The Patch

March 30, 2007

Record of the Week

Filed under: Music & Film — Free Edinburgh Podcast @ 3:07 pm

I forgot to put it in the original post, but it’s here.  Camera Obscura – Lloyd, I’m Ready to be Heartbroken.  A lot of people haven’t been bothering to click these links.   I hope you all feel right guilty.  This week’s song is most excellent so give it a shot.  You know you want to.  Well, you probably don’t, but I don’t care.  Do it.

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Friday 30th March – When Records Matter

Filed under: Music & Film — Free Edinburgh Podcast @ 12:08 am

“QUICK, GET THE GUNS!!!” screamed Hawthorn.

Jake heard the command, but he did not seem to take it in.  His head was a mess, his eyes a blur.  What was going on?

‘”Sorry sir, what did you say?”

“I said get the fucking guns you waste of God given space!!  What is wrong with you soldier?”

Jake understood this time.  It was time to kill. (more…)

March 27, 2007

Tuesday 27th March 2007

Filed under: UK News — alice86 @ 7:42 pm

Perhaps the most interesting new item this week was that poet Carol Ann Duffy admitted to murder. Sorry, that’s not quite accurate. In fact, the murder in question was that of Paul Kelly, 32 in Bath, and the author of the poem now strewn about the city is…still unknown.

“The truth is there like an open grave, a defenceless man is dead and his blood’s gone cold, but the story of his end is going to be told….”With verse such as that, I’m unsurprised the author remains anonymous, though I daresay it’d liven up a GCSE anthology. BBC news (and the police) suggest that this literary masterpiece can help solve the tragic murder of the above father of two. However, if it has taken 35 detectives so far to attempt to interpret the subtle nuances veiled within Crimewatch’s newest public notice, why can’t they find something? Furthermore, 11 people so far have been arrested and released on bail or with no charge; if the poem is so transparent, why not ask school children to interpret it? They may have more luck with the innocence of youth and their taught notions of metaphors, similes and elegiac devices than the knowledgeable Bobbies. £10,000 is up for grabs for people with information about the murder, and apparently, the poem suggests (without use of imagery, rhyming couplets or alliteration) that several people “almost certainly know the identity of Paul Kelly’s killer”. And yet these people still are disinclined to ‘fess up their knowledge, just to let a family get some rest, grieve properly, and justice finally be served. Tragic. 

More breaking news from the BBC is that “poverty can do lasting damage to a child’s chance of progressing in life…” Yes. Though not everyone from poorer backgrounds can now afford to go to university (thank-you for our top up fees, Mr Blair, and thank-you for your wax-lyrical support to end poverty, MPs), afford a meal or school uniforms (not just due to the JSA benefit system being supremely poorly managed, incompetent and bunglingly inefficient), there are no safe outdoor play areas for them. Possibly because every spare bit of land has been commandeered for housing by Bovis, all the parks are packed with White Lightning swilling teens, and cars roam free range across the land. And because places like council estates are dismal, tarmacked areas potentially littered with spent needles and broken glass. We need to fix up our own country too. The old adage: the rich get richer whilst the poor grow malnourished and cannot even celebrate a family birthday has rung so true since before the Poor Law set in 1601 and children were forced to work. Yes, children in Africa and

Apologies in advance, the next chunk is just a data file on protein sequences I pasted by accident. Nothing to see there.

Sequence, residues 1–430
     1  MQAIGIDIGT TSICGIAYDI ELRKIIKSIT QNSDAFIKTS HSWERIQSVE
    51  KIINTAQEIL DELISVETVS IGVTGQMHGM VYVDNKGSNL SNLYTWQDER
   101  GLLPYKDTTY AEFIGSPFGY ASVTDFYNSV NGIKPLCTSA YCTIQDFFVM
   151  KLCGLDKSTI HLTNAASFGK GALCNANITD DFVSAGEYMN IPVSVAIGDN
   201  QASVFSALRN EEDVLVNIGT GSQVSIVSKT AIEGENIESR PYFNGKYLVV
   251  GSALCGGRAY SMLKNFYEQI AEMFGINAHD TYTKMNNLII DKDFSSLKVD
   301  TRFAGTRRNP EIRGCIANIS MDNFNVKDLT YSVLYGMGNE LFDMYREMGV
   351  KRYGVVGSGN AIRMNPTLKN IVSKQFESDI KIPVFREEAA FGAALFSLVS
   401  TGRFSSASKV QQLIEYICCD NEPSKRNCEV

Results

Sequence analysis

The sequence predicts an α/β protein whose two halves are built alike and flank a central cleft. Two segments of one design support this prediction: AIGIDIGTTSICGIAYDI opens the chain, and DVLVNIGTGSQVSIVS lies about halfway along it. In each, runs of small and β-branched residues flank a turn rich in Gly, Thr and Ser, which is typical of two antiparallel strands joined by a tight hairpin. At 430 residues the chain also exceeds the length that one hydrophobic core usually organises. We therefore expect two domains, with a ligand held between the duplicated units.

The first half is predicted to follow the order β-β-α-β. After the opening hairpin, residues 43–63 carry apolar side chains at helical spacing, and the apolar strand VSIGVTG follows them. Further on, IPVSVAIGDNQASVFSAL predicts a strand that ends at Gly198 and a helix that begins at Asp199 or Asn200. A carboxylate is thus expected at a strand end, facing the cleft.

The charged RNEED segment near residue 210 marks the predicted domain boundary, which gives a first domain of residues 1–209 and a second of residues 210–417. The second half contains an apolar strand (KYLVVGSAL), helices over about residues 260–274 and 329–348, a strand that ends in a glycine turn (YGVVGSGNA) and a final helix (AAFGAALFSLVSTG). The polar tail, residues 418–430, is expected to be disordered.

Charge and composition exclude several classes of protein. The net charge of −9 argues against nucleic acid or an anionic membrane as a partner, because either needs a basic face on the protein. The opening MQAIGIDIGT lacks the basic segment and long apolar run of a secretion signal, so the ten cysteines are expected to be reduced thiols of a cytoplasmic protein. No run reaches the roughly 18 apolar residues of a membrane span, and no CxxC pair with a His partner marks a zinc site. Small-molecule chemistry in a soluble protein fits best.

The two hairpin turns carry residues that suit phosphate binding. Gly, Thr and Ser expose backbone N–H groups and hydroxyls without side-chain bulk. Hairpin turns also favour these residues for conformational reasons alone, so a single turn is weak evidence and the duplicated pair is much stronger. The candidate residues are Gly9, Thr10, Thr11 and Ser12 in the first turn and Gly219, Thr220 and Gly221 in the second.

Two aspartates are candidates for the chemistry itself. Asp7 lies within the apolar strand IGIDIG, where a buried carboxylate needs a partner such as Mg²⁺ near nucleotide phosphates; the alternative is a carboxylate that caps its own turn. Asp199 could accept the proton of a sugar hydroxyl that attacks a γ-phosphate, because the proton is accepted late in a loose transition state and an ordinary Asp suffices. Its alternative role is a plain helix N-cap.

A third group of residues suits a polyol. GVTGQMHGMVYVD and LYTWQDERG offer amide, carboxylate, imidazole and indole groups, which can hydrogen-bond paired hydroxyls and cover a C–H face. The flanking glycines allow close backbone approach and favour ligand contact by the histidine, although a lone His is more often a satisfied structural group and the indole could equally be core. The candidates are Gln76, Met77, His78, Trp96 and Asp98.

India and other “third world” countries are worse off, but we need to do something about this in our country, here and now. The government’s target for this is 2020.
 

In other news, Heathrow’s Terminal 5 will now be hosting the FA Cup, and all matches leading up to it. 10 whole football pitches can fit in it, which should reduce some of the boredom faced by travellers attempting to check in when the next TERROR ALERT! means hours of delays, more stupid security checks (this has been modified into the new building, with a larger security desk! Oh my! Just think, a larger surface area can stop a bomb, anthrax or even a can of coca cola. Technology is amazing, these days.), though apparently “self service” means less queuing; as does the 94 baggage drops and 12,000 processed bags an hour. Yes, it’s amazing how innovative our methods of reducing global warming are these days, truly amazing.

March 26, 2007

A weighty issue- March 26th 2007

Filed under: Miscellany — alice86 @ 2:39 pm

CONGRATULATIONS! We all now abode in a country in which 70% of women would consider plastic surgery! Isn’t that a turn up for our insecurities? However, let’s break it down: the word consider does not necessarily mean, “Yes, I would like a nose/ boob/ liposuction job”, but merely they’d toss it about in their heads. Statistics may even be able to prove that 70% of women would consider posing for page 3. It doesn’t mean they necessarily would (post-op, naturally). All the same, the figures in that particular bodily image poll were a little worrying.

            We all, at some point, like to look good. I am a woman. Occasionally, I like to dress up. I want to try and look nice to others, even if I cannot see it myself. But it’s when this quest for media-beauty goes downhill rapidly into a cycle of binge-eating, purging and endless diets that it becomes a problem. We’re not stupid. We realise this. Yet it’s so hard to quench the addictive thoughts once they first pop into your head. It’s harder still when you’re surrounded by skinny, dieting bulimics; and it’s even harder when every magazine headline screams out to you “LOSE WEIGHT LIKE A MAN”, “LOSE THAT MUFFIN TOP”, or “TEN WAYS TO LOSE TEN POUNDS IN A WEEK”! Quick fixes never work. We should have figured this out by now.